Already, there are some 2,000 people on Gilliam Place's waiting list in a county that has not met its annual goal of creating 600 new units of affordable housing, Janopaul said.

"We are, no question, in a crisis — we've been losing 1,000 units of market-affordable housing per year since 2000," Janopaul said. "The county did an Affordable Housing Master Plan in 2015 that basically said, 'We don't have enough housing to house the people that live here now, not to mention new people we think are moving in with new jobs.'"

The Columbia Pike development is not the first to be re-purposed from an underutilized local church. In 2012, another APAH-backed housing complex, vPoint, was constructed atop a Baptist church in Clarendon, with 70 affordable units.

"These sites are in our urban corridors, and the trend appears to be not just adding affordable housing in these sites proximate to transit and services, but to provide some services and other amenities on-site," said Elizabeth Gearin, professor of sustainable urban planning at George Washington University and the vice-chair of the Arlington County Planning Commission.

It's a concept that has taken hold both regionally and nationally. In D.C., St. Martin of Tours Catholic Church opened affordable housing units in 2008 on the site of its elementary school, with the help of private, city and federal funds. Earlier this year, D.C. mosque Masjid Muhammad applied for a zoning map amendment on Martin Luther King Jr. Avenue SE for a development that would include 85 affordable homes. And similar developments have also popped up in other cities facing housing shortages, including Chicago and Oakland, California.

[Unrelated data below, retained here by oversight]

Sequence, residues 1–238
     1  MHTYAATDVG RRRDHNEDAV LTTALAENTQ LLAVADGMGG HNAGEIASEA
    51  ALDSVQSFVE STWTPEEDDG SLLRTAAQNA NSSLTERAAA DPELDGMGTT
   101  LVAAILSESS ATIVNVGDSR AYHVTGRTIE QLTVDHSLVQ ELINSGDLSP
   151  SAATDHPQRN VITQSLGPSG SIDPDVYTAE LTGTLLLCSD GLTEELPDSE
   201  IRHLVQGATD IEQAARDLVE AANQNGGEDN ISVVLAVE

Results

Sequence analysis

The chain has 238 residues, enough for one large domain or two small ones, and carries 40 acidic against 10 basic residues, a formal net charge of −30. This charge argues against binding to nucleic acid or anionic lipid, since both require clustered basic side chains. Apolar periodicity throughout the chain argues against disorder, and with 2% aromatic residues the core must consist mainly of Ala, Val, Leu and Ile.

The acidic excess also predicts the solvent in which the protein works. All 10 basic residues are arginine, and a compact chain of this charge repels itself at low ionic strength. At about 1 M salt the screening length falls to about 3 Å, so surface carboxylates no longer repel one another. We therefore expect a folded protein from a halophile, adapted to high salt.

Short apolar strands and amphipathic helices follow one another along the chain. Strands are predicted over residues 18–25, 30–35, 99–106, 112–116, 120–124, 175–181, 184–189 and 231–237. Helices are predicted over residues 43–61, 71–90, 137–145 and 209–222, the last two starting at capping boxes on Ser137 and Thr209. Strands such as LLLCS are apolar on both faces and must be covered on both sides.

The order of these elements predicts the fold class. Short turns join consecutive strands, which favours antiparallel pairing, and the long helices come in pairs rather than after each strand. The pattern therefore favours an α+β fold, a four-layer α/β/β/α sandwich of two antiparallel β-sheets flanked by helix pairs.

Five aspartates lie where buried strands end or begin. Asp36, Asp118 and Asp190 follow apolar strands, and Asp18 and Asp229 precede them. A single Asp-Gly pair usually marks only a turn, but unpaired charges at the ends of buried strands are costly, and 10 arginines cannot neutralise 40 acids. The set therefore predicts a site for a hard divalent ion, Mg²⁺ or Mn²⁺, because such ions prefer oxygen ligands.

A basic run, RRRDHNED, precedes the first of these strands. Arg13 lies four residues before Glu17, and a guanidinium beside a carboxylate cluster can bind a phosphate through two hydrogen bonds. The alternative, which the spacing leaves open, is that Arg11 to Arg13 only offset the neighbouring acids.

Some faith-based housing developments, as they're sometimes called, have been subject to lawsuits. The church behind vPoint, for example, was sued for potentially violating the separation of church and state.

And not every attempted project has come to fruition. In 2017, Arlington County approved plans for Central United Methodist Church in Ballston to be redeveloped into a complex offering daycare, new church space, public art and affordable apartments. Janopaul said the development has since shifted from affordable housing to market-rate housing, due to the difficulty APAH and another developer had in securing low-income housing tax credits.

Indeed, the costs associated with transforming a religious space into a housing development are many, from the price of the land itself, roadwork or other infrastructure, the "sticks and bricks" costs and administrative costs such as zoning-application fees, Meany said. It's a lot for jurisdictions to bankroll.

"Their affordable housing funds are not limitless," Meany said, who also serves on a citizen committee in Loudoun County dedicated to housing needs. "So we have to come up with more than one strategy."